The invention also envisages a work table kit comprising the integers defined above in disassembled form.

One preferred form of the invention will now be described with reference to the accompanying drawings in which:

FIG. 1 is a perspective view from above of the preferred work table assembled to operate in the docking saw mode;

FIG. 2 is a fragmentary sectional plan view through the far side of the table as shown in FIG. 1 showing the attachment of the work support plate thereto;

FIG. 3 is a fragmentary sectional end elevation taken along the line 3--3 in FIG. 1;

FIG. 4 is a perspective view similar to FIG. 1 showing the work table assembled to operate in the bench saw mode;

FIG. 5 is a fragmentary sectional side elevation taken along the line 5--5 in FIG. 4; and

FIGS. 6 and 7 are partly schematic plan views of the table from above showing the table in its docking saw and bench saw modes respectively.

The work table shown in the drawings comprises a base member 1, which in the form shown is a sheet of particle board but may be any flat surface, fixed or portable, having two end frames 2 and 3 rigidly secured at either end thereof by bolts 4. Each end frame 2, 3 is formed from channel section steel and has two upstanding legs 5, 6 and 7, 8 respectively, with the legs 5, 7 and 6, 8 on either side of the base member 1 supporting elongate guide channels 9 and 10, located in cut outs formed in the flanges of the legs and secured thereto by bolts 11 and arranged with their open faces directed towards each other. A power switch P is located within the lower portion of leg 5 as shown and has a power inlet cord I for connection to a source of power and an outlet cord O for current to a power saw S shown in phantom outline in FIG. 1.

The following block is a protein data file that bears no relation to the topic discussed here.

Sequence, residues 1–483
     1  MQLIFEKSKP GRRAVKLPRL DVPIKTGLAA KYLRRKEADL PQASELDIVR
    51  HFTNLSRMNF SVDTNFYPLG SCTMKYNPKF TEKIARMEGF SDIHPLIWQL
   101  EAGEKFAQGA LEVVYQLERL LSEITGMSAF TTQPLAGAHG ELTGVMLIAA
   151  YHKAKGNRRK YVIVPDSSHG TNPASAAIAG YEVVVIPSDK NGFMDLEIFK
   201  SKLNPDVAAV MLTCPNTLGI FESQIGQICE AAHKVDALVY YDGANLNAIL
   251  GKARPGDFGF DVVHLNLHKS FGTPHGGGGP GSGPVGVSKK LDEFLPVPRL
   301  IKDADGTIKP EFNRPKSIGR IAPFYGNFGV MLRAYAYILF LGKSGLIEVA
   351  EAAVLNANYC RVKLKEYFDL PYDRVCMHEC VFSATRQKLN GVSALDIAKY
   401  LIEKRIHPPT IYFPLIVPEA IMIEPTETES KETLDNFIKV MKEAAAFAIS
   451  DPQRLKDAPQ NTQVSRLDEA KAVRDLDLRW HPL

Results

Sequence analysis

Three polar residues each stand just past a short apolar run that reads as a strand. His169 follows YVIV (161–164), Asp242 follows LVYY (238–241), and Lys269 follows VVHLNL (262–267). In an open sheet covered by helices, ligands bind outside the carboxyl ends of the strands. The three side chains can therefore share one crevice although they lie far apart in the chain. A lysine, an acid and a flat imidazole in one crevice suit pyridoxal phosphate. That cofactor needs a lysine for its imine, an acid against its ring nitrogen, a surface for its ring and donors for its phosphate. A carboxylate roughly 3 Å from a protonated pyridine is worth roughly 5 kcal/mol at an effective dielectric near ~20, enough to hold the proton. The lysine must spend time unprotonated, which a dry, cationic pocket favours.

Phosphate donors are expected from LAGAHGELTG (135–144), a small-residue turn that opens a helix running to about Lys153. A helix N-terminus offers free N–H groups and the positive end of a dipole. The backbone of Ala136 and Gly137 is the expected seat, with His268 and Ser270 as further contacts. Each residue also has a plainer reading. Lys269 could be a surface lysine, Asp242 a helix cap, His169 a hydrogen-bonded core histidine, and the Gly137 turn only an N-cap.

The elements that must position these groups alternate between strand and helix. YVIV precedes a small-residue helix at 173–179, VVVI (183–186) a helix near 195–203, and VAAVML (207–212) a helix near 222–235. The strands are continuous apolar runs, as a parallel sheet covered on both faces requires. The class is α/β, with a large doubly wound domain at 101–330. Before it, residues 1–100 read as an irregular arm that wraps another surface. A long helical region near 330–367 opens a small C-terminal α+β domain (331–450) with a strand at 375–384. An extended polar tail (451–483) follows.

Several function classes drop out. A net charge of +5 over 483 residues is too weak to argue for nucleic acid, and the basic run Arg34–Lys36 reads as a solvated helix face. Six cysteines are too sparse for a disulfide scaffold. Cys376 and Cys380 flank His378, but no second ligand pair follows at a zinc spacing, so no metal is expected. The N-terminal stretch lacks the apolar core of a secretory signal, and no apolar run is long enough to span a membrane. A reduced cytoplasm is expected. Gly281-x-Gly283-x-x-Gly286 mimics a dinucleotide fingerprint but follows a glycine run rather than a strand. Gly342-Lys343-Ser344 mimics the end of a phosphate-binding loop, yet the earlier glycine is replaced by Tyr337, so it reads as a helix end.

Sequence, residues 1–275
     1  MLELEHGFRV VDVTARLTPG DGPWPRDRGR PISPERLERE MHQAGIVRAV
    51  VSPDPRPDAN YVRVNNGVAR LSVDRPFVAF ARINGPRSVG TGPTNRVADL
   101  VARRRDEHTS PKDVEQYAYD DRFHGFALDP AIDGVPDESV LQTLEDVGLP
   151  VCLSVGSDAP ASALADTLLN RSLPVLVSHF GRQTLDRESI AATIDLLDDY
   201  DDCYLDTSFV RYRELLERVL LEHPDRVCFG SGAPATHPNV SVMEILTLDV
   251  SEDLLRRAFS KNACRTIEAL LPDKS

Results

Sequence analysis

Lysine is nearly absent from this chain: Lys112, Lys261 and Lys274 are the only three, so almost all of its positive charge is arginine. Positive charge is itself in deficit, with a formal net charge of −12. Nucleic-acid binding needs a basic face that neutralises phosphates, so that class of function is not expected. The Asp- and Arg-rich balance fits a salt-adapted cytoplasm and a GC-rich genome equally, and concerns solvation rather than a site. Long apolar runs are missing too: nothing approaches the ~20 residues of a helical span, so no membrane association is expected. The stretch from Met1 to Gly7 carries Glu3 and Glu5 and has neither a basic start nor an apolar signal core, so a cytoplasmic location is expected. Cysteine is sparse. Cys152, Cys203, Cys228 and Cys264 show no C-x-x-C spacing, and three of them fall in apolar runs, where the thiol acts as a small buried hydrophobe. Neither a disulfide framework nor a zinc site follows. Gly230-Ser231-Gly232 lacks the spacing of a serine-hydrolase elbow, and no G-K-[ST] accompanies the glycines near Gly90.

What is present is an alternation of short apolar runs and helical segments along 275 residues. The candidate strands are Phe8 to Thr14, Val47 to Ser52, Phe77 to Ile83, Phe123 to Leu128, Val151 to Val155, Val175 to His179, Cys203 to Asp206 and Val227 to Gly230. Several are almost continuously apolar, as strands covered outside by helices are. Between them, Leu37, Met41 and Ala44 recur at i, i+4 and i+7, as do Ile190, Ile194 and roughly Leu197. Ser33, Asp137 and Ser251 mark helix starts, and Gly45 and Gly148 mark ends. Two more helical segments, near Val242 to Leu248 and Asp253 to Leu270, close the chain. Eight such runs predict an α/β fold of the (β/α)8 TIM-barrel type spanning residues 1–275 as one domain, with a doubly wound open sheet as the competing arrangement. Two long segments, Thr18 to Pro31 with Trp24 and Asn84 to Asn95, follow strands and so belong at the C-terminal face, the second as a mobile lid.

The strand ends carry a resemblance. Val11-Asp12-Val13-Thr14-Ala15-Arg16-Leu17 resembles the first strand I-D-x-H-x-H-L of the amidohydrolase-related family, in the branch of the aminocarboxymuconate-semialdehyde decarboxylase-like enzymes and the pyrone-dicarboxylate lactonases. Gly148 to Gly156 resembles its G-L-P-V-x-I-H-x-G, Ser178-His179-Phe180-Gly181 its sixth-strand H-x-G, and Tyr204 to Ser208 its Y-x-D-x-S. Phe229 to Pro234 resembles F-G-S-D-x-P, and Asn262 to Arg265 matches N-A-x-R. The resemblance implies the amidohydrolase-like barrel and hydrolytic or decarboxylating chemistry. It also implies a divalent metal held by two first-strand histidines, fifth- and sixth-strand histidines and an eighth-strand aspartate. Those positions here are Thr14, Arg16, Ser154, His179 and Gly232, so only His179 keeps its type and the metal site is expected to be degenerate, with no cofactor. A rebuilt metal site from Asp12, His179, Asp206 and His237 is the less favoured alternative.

The guide channels 9, 10 are adapted to slidably support a saw mounting plate 12 in the manner shown in FIG. 1. As shown in FIGS. 1 and 3, the plate 12 has two plastic bearing blocks 13 adjustably secured by bolts 14 to the edges of the plate 12. The heads of the blocks 13 fit neatly in the channels 9, 10 and ensure smooth sliding action of the plate 12 relative to the channels 9, 10. The blocks 13 are adjustable inwardly and outwardly relative to the plate 12 to ensure suitably firm sliding action of the plate 12.

If desired, the channels 9 and 10 may be C-section extrusions and the blocks 13 formed with grooves receiving the inwardly directed flanges of the C-sections. This arrangement ties the channels 9, 10 together and prevents them from bowing outwardly while not adversely affecting the sliding action of the plate.

The plate 12 is formed with a rectangular opening 14 over which the base plate or shoe B of a commercially available portable circular power saw having a blade diameter of from 71/4 to 101/4 inches is secured by bolts (not shown) passing through holes H formed in suitable positions in the plate 12 so that the blade B of the saw is located adjacent and parallel to one long side of the rectangular opening 14 as shown in FIG. 6. The opening 14 has the length shown to facilitate the location of a riving knife or splitter if fitted to the saw S. The width of the opening 14 is to facilitate tipping of the saw S to perform mitre cutting in the docking mode. The saw S shown in FIG. 1 has a mitre adjustment facility at M.